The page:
Holiday angst is here again

The holiday season has arrived once again. This is not an easy time of year for many of us, me included. I wrote about ambiguous loss and family estrangement a few years ago, and most of what I wrote in that post in 2018 is still true. 

I walk by this holiday tree every day in December. Best holiday tree!

I don’t see or talk to anyone in my biological family to celebrate Christmas, Winter Solstice or the New Year. As time has gone on it has gotten easier to navigate the holiday season. In part because I have amazing friends and in part because I’ve continued to heal from the pain of not having close family to celebrate holidays or any major event. Therapy when done with intention and willingness to feel the pain and loss is miraculous. 

I am profoundly grateful for my circle of dear friends and my wise and able-to-hold-space-for-me-to-feel therapist that I see nearly every week to process my emotions and insights. I meet with my therapist on a Zoom-like platform, so we both stay safe as this pandemic has not ended, despite vaccines, of which I have had three jabs. Since I worked with my therapist in-person for a few years before the pandemic, moving online wasn’t difficult. I do miss being able to hug at the end of the session, since being single, I don’t get many regular hugs. 

Holiday grief

That said, every holiday season brings grief. I miss not having a guaranteed group of people with whom to share a meal and exchange gifts of appreciation. Every year, I allow myself a few hours of sadness. I cry and hug my dog Sam. I journal about the family I wish I had. I take myself out in nature to get comfort from the trees and sky. 

Fun in the sun helps

Best of all, I make an effort to create connections with the people in my life. This year my housemate Karen and I have invited my friend Jaime and her dog Polly over for Christmas dinner. On Solstice, five of us will gather at dusk to build a fire at a park. We will have mugs of soup and we will read poetry and burn things we are letting go of and things we welcome into our lives as the Earth turns toward longer days. 

This year, I am kicking off the two weeks I am taking off from my two day jobs with another trip to Siesta Key, Florida. My triathlon/running/cross country ski friend Monica, who is a teacher, got a few extra days off for the holiday break and she immediately booked a few nights at a cottage in Siesta Key. She sent a few of us a text to see who might join her. I decided to make it happen. Two nights and three days in the sunshine at the ocean is the best way to kick off two weeks of focused writing.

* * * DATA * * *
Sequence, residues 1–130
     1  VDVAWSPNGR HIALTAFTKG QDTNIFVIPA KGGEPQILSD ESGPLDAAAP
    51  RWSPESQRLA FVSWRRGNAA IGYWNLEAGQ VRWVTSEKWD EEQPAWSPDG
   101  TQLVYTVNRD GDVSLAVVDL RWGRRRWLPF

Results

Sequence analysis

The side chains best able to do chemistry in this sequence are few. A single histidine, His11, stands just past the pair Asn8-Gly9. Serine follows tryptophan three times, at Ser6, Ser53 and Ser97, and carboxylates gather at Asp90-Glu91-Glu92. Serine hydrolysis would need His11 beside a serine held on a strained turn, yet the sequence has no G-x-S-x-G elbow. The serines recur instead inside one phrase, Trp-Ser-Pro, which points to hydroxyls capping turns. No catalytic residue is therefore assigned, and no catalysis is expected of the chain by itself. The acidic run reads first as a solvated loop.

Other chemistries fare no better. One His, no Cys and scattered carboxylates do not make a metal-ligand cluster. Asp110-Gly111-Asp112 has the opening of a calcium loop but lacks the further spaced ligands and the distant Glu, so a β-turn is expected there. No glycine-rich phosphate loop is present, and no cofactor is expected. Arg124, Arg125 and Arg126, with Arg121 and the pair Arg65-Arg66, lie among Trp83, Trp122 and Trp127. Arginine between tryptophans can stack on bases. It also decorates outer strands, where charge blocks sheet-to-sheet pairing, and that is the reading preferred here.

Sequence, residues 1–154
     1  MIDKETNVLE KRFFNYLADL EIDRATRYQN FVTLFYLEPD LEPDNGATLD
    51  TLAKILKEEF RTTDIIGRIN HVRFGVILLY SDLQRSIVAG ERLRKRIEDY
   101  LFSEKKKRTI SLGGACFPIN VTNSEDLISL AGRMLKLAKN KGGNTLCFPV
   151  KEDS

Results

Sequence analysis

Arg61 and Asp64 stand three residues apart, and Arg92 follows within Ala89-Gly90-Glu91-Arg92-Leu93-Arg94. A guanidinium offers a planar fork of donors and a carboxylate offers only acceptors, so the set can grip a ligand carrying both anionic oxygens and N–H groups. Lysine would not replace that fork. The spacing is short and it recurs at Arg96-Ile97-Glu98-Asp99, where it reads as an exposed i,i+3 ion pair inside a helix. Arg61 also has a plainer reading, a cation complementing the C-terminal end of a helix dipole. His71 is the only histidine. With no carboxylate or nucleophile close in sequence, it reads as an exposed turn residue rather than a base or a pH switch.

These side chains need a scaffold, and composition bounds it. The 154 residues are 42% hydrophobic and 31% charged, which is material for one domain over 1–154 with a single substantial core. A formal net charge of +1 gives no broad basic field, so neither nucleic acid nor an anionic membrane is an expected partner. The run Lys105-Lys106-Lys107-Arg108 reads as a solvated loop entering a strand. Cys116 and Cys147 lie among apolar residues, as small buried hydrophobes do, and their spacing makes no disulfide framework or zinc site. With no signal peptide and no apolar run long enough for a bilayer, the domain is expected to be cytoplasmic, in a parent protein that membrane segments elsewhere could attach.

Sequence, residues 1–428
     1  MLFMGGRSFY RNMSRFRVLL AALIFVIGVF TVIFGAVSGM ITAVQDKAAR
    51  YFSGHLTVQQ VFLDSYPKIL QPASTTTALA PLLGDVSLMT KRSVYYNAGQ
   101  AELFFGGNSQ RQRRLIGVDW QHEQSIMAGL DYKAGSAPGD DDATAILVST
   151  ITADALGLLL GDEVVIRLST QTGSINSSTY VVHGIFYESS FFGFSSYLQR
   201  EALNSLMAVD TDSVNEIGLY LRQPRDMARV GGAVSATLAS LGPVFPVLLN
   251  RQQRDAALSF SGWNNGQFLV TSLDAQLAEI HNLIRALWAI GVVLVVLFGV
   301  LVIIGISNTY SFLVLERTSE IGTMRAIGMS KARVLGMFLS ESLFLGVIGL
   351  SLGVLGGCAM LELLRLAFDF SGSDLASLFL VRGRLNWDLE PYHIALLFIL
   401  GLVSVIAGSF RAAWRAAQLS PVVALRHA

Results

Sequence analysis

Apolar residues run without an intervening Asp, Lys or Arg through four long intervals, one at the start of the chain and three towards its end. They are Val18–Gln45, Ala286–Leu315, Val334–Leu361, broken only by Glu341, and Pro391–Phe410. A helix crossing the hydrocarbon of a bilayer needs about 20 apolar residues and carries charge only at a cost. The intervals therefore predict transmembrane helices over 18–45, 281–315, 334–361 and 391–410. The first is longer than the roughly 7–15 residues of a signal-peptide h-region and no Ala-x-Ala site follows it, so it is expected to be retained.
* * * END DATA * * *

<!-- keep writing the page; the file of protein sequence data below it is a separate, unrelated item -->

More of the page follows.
I head to the warmth and sunshine tomorrow morning early! 

In Siesta Key in November. Glad to be going again!

Writing focus 

Upon my return, my schedule has two hours of writing everyday. I am nearing completion of the first draft of my book. I am SO excited to be done that devoting time over the holidays to make progress toward that goal is invigorating. Instead of dreading the holidays, I feel excited. I expect the grief will hit me at an unexpected moment. That’s okay. I will make time to cry and feel. The only way out is through as the wise ones say! 

Thanks for being a reader of my blog. I value you and our connection. I wish for you peace and calm and self-love this holiday season. If like me you feel grief, may you hold yourself and give yourself comfort and kindness. 

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4 thoughts on “Holiday angst is here again”

  1. Thanks for making your love for others and yourself crystal clear. We all need to take extra great care of ourselves after the rough last few years. It makes me smile to know you are soaking in some sun and surf to start this holiday break. Thanks for your huge generosity of spirit.

    • Linda,
      It’s simple, I value your friendship and being-ness in the world from the bottom of my heart. Thank you! And the ocean says hello to you!

  2. I wish you happy holidays Mari! I love reading your blogs. They give me inspiration and focus. And I appreciate your encouragement as a fellow athlete and as my friend. In other words, you matter so much to me Mari! Thank you for your joy and your continued search for meaning, health and happiness!
    Your friend,

    • Sheila! Thank you for your very kind words and the sentiments behind them! I feel your love and friendship all the way down here in Florida! So grateful our paths crossed and we have become friends!! Here’s to more camping trips and triathlons in our futures!

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